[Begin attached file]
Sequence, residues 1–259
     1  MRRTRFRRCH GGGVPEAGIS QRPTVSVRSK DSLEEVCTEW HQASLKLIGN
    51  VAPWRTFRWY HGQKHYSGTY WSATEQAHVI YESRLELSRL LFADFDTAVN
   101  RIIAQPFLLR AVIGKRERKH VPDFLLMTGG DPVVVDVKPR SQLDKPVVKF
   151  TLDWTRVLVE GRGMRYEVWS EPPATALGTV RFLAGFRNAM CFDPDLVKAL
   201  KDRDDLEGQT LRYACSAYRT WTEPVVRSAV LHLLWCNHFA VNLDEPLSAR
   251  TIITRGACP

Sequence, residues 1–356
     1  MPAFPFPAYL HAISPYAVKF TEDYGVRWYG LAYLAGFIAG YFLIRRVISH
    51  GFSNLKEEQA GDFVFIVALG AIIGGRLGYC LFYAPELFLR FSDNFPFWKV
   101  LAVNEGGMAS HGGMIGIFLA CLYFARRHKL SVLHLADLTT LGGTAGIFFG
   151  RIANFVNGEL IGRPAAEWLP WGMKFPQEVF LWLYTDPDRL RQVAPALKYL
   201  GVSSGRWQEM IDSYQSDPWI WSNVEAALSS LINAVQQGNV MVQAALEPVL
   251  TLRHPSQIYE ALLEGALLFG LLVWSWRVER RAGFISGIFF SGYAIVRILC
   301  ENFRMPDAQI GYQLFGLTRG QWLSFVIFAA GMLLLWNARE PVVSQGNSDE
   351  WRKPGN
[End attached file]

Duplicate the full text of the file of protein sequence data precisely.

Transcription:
Sequence, residues 1–259
     1  MRRTRFRRCH GGGVPEAGIS QRPTVSVRSK DSLEEVCTEW HQASLKLIGN
    51  VAPWRTFRWY HGQKHYSGTY WSATEQAHVI YESRLELSRL LFADFDTAVN
   101  RIIAQPFLLR AVIGKRERKH VPDFLLMTGG DPVVVDVKPR SQLDKPVVKF
   151  TLDWTRVLVE GRGMRYEVWS EPPATALGTV RFLAGFRNAM CFDPDLVKAL
   201  KDRDDLEGQT LRYACSAYRT WTEPVVRSAV LHLLWCNHFA VNLDEPLSAR
   251  TIITRGACP

Sequence, residues 1–356
     1  MPAFPFPAYL HAISPYAVKF TEDYGVRWYG LAYLAGFIAG YFLIRRVISH
    51  GFSNLKEEQA GDFVFIVALG AIIGGRLGYC LFYAPELFLR FSDNFPFWKV
   101  LAVNEGGMAS HGGMIGIFLA CLYFARRHKL SVLHLADLTT LGGTAGIFFG
   151  RIANFVNGEL IGRPAAEWLP WGMKFPQEVF LWLYTDPDRL RQVAPALKYL
   201  GVSSGRWQEM IDSYQSDPWI WSNVEAALSS LINAVQQGNV MVQAALEPVL
   251  TLRHPSQIYE ALLEGALLFG LLVWSWRVER RAGFISGIFF SGYAIVRILC
   301  ENFRMPDAQI GYQLFGLTRG QWLSFVIFAA GMLLLWNARE PVVSQGNSDE
   351  WRKPGN